Like beer, the cause and solution of all of life's problems is extensibility. Since we don't want to build the world from scratch every morning, we asked god to allow us to save our work. And since a million monkeys on a million typewriters will eventually result in two of them both titling some function
foo(x), god decided to avoid future headaches by spending the eighth day creating namespaces.
OK, so the basic problem is like this: Alice has written some code which creates virtual widgets. Bob finds that he has a use for widgets just like those Alice has written. How does Bob get Alice's widgets to exist on his system?
Method 0: Alice has written her widgets so that their only dependencies are the Python standard library; she has put all the code in one file,
"""This is widgetsbyalice.py.""" class Widget(dict): def __init__(self,X): ...
Then all Bob has to do is get the file
widgetsbyalice.pyfrom Alice (say, by downloading it from Alice's website), and save it into some directory on the Python path. Then to create a widget, Bob enters the following in his Python terminal or into a script of his own:
import widgetsbyalice w = widgetsbyalice.Widget(...)
So far so easy. The suite of objects created by running the code in
widgetsbyalice.pyis called a module; the import command populates these objects into Bob's system, in a sub-namespace
widgetsbyalice.objectname. (Note: as far as I can tell, it is not correct to refer to the file
widgetsbyalice.pyas a module; the module itself is the object in Python's virtual world, not something external to the Python interpreter, such as a file on disk or an actual memory location.)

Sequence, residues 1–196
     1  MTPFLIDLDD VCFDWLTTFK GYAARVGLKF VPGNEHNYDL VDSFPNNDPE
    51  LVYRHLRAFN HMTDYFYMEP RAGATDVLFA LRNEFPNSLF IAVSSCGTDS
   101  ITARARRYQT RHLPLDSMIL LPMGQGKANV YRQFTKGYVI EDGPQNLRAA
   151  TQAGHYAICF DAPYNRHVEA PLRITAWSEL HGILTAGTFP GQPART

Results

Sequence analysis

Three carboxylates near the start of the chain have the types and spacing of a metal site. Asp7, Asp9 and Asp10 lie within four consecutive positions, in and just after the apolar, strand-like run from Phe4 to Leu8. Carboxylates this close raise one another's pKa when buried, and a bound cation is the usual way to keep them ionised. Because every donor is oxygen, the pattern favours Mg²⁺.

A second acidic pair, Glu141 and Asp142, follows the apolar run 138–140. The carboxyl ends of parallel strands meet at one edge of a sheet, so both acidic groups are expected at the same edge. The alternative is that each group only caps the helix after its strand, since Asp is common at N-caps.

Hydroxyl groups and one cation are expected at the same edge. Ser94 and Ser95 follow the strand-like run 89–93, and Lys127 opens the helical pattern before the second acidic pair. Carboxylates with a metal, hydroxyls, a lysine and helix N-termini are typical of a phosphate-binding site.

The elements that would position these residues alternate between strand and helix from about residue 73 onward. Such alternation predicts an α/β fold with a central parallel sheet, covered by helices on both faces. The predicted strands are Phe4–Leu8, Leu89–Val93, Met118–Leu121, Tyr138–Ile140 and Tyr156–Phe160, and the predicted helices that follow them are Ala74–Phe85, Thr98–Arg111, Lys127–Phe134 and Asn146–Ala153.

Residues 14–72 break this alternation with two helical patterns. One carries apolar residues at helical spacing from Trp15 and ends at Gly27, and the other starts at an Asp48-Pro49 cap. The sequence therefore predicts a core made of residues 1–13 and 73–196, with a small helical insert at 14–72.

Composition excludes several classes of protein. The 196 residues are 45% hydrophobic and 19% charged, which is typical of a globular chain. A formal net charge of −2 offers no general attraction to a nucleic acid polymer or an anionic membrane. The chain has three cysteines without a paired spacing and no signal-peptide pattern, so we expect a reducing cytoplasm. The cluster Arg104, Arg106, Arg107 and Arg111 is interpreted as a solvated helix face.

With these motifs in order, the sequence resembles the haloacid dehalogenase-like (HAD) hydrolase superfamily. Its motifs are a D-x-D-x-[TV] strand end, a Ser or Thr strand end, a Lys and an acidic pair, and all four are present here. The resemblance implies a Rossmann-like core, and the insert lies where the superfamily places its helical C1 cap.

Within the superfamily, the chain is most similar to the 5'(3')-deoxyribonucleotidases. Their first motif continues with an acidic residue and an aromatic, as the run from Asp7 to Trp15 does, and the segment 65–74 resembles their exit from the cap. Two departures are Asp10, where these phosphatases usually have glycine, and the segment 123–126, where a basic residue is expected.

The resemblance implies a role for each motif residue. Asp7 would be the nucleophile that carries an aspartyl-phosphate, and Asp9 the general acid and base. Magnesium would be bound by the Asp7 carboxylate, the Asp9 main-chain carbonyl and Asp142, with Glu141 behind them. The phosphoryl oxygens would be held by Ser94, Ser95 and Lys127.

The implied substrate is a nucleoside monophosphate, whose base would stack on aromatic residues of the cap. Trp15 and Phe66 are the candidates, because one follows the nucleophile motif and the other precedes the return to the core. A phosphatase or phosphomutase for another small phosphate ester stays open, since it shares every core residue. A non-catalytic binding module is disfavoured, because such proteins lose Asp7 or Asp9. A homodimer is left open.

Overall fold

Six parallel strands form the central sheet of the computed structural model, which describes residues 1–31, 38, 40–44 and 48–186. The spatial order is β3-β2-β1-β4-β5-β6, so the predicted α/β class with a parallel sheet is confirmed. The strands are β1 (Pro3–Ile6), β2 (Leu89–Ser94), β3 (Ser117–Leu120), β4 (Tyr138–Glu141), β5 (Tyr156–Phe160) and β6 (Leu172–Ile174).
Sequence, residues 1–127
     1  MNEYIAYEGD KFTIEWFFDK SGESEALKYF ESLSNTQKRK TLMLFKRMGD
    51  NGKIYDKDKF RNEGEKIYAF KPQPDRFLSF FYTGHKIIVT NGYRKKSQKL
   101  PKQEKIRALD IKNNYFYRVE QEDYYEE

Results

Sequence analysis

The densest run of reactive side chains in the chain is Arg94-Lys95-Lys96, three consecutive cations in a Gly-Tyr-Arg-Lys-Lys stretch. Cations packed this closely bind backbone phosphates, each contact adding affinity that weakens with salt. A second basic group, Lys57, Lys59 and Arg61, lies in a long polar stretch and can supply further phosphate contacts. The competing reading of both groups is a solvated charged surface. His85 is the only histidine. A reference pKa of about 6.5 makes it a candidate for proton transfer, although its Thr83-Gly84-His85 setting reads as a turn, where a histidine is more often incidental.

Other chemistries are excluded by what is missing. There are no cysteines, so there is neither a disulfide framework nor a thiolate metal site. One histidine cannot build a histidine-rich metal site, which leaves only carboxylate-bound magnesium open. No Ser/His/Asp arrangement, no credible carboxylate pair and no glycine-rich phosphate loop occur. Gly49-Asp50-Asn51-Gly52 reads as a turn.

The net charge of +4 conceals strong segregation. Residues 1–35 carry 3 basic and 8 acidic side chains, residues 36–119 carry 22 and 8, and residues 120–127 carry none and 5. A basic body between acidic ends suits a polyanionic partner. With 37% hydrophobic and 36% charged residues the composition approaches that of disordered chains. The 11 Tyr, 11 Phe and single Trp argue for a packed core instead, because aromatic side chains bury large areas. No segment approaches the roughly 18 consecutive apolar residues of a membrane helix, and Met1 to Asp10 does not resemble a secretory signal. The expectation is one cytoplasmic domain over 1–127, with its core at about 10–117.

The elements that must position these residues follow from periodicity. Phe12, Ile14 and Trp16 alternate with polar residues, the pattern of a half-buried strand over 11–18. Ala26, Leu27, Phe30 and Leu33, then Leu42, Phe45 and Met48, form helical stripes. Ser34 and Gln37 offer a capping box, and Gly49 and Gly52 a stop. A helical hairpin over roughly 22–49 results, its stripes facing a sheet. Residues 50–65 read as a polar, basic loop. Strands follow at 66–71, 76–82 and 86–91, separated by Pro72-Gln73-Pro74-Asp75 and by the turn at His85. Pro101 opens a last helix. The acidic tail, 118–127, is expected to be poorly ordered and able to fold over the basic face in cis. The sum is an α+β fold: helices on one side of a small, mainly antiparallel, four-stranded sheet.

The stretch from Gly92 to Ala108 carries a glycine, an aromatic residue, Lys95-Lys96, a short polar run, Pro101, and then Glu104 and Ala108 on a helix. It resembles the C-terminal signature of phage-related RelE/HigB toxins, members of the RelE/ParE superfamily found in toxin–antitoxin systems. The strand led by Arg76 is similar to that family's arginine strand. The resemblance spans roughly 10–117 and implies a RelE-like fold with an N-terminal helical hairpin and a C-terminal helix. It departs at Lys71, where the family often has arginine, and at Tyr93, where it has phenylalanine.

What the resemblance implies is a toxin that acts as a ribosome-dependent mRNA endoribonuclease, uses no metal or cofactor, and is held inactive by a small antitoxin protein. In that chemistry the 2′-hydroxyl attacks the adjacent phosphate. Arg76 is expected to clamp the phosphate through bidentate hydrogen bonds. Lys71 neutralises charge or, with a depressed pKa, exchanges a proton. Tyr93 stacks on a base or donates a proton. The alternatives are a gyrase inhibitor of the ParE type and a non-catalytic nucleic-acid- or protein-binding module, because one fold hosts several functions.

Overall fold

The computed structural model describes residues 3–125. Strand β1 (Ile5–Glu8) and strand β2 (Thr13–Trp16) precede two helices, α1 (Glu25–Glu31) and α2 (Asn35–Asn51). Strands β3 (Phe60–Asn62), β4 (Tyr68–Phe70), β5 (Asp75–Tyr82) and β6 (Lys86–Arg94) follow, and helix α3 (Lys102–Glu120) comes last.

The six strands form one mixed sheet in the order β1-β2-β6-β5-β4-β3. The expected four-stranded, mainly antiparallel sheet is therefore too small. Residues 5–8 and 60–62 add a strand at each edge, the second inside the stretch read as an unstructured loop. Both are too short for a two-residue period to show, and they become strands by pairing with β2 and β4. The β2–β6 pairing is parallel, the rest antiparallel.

OK, great, but most of the time, something useful enough to be shared around is also too big to live in one file. Let's say that Alice has written modules implementing
WidgetC, etc. Now, not every user will want to use every one of these widgets, so we'd like a way to import only those widgets that we're actually going to use, but ensuring that the distribution of all the modules together. The first goal suggests that Bob simply download a directory of modules; but the second says that there should be some kind of abstraction superordinate to those modules. Never fear, Python supports bundling a bunch of related modules into a package. The basic abstract way that could look here is, the package name (
widgetsbyalice) becomes the name of a subdirectory of a directory on the Python search path; that directory contains a script
__init__.pywhich is run the first time a module in the package is imported (the presence of this script tells Python that this directory is a package. Is? Contains? Represents? Ugh, I don't know.) Alice might put this whole directory on her website file-by-file, with the instruction that Bob download them and arrange them into the correct file structure; or more likely, she'd put them into a tarball or other archive and say "extract this into a directory on your path". In any case, once these files are in place on Bob's machine, he should be able to
import widgetsbyalice.WidgetB w = widgetsbyalice.WidgetB(...)or
from widgetsbyalice import WidgetB w = WidgetB(...)
Now, this process of creating a directory in the path is all that needs to be involved in "installing" a Python package. However, there are a number of helpful tools and systems that are designed to automate this, add some helpful layers, etc. (For example, doing version control and updates, etc., etc., ...) If you started off, as I did, with ActivePython, the package manager that comes bundled is called PyPM; there's a native tool called easy_install that does some of this too; and an increasingly popular tool called pip that I haven't used at all, so darüber werde ich schweigen.